Jim Shulman | Baby Boomer Memories: Now extinct in the Berkshires, drive-ins were fun for all ages
The Berkshires had at least six that I recall, with Briggs Open Air Theater in Dalton as the first. It opened in 1947, but was short lived. Pittsfield had the Berkshire Drive-In on West Housatonic Street and the Pittsfield Drive-In on Merrill Road.
Lanesborough had the Sunset Park Auto Theater, North Adams had Coury's Drive-In and Adams had the Hoosac Drive-In. I also read that in 1950 there was a Skyline Drive-In on Route 116 in Savoy. One was proposed in 1963 for Great Barrington, but never got off the ground.
Presently the nearest operating drive-in is the Hollywood Drive-In Theater on Route 66 in Averill Park, N.Y., about 40 minutes from Pittsfield.
The first drive-in in the U.S. grew out of creative problem solving. In about 1930, Richard Hollingshead, of Camden, N.J., tied two sheets to trees in his yard and put a movie projector on his car hood to show movies on the sheets. He did this for his mother-in-law who apparently was too large to sit comfortably in a movie theater seat.
Over the next few years Hollingshead experimented with his idea and added a ramping system so many cars would be able to view films on a bigger screen. He patented the drive-in concept and opened the first drive-in in 1933 for 25 cents a car. It wasn't until the 1940s that the in-car speakers replaced an outdoor speaker.
Drive-in theaters offered patrons some pluses over cinemas. Parents could bring kids and not need babysitters, bring their own snacks and even smoke cigarettes and not bother other patrons.
Many parents came early so their kids could enjoy playground equipment near the screen while others brought their kids in pajamas knowing they'd fall asleep during the flicks.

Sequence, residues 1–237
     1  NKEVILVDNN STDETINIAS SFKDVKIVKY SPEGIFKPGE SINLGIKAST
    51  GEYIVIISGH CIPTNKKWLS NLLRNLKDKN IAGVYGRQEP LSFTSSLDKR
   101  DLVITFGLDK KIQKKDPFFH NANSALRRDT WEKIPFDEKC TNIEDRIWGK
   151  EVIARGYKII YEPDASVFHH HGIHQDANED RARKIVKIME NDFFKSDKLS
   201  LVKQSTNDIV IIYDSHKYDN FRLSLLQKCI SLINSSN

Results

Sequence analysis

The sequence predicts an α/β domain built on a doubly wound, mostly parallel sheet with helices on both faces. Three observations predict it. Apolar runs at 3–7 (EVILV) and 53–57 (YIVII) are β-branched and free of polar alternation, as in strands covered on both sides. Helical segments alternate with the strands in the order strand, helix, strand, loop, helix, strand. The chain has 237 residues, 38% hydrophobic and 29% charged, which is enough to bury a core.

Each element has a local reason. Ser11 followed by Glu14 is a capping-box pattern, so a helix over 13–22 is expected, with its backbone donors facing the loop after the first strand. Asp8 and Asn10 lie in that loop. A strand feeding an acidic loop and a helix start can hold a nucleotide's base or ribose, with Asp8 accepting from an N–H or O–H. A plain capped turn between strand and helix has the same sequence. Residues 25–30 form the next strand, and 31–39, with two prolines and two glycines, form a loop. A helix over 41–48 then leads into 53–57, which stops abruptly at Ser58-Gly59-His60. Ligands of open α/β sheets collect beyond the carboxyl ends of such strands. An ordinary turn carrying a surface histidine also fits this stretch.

Teens would often hide friends in the car trunk to avoid individual ticket prices. Others would pile into the car when there was one price for all. The drive-in was a popular dating place and famous for "necking."
After putting the speaker in the car window and getting comfortable, patrons could sit back for the double feature as the sun set. Horns would honk when a hero overcame a villain, couples kissed or when there was a glitch in the film. Some younger folks would sit out on the hood, lean back on the front window and enjoy the summer breezes.
Intermission between two films was announced by food ads and was a time for the restroom break and the concession stand for soft drinks, popcorn, candy, ice cream novelties hot dogs and/or pizza. (Working for a friend managing the Sunset, I was relieved of pizza making duties when I mixed up the red pepper with the oregano. But the drive-in sold a lot of soda that night!)
As color television gained popularity in the 1970s and video recorders flooded the market in the '80s, people found it more convenient watching movies at home.
Initially drive-ins showed older releases and B movies, but as attendance dropped, many gravitated to films for more mature audiences including the X-rated variety.
By the 1980s drive-in theaters found it difficult to make ends meet. In less than 50 years from the first drive-in, hundreds of these theaters either totally closed down or became flea markets, concert venues and even places for church services.
For many of them, the land became more valuable for shopping centers, box stores or housing tracts. In the 1960s there were over 4,000 drive-in theaters in the U.S. and now in 2017 there are an estimated 338 left. Many of these are struggling for survival.
Now and then in the Berkshires public parks, communities revive outdoor showings of movies to citizens who don't mind the crowds and mosquitoes, but the memorable drive-in theaters have been gone for decades.
Jim Shulman, a Pittsfield native living in Ohio, is the founder of the Berkshire Carousel and author of "Berkshire Memories: A Baby Boomer Looks Back at Growing Up in Pittsfield." If you have a memory of a Berkshire baby-boom landmark or event you'd like to share or read about, please write Jim at firstname.lastname@example.org.
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